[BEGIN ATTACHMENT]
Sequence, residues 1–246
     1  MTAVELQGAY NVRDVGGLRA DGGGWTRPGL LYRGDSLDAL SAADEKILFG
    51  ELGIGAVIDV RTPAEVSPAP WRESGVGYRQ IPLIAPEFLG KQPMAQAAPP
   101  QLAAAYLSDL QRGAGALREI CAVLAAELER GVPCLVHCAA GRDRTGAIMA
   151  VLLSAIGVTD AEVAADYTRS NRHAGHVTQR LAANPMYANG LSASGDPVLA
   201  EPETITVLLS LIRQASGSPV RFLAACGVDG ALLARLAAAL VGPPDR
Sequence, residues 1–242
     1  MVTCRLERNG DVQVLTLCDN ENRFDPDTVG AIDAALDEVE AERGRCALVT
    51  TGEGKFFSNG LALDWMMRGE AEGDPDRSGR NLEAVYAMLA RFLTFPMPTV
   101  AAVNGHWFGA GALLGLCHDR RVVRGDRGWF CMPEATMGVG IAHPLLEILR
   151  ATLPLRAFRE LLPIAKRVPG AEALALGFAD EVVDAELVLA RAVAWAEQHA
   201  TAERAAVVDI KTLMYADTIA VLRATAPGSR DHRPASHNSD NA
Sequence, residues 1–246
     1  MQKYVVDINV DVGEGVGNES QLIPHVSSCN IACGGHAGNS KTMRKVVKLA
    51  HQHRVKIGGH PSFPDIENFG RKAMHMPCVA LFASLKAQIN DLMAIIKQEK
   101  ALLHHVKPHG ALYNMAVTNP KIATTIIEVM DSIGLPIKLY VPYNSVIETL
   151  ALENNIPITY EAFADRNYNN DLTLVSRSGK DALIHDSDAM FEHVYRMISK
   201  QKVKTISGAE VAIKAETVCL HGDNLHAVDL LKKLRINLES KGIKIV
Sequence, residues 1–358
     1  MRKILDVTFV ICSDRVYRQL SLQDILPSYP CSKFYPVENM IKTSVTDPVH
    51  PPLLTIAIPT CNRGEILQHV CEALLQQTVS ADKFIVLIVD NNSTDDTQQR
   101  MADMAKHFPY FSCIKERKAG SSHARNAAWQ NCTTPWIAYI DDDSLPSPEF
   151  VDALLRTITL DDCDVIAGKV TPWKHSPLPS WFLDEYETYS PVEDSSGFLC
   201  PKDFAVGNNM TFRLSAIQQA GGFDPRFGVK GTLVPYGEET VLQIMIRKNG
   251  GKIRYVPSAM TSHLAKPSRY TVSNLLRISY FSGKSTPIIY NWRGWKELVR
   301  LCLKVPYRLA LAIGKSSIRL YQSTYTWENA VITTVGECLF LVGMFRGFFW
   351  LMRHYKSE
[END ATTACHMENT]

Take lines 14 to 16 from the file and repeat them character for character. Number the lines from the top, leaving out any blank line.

     1  MQKYVVDINV DVGEGVGNES QLIPHVSSCN IACGGHAGNS KTMRKVVKLA
    51  HQHRVKIGGH PSFPDIENFG RKAMHMPCVA LFASLKAQIN DLMAIIKQEK
   101  ALLHHVKPHG ALYNMAVTNP KIATTIIEVM DSIGLPIKLY VPYNSVIETL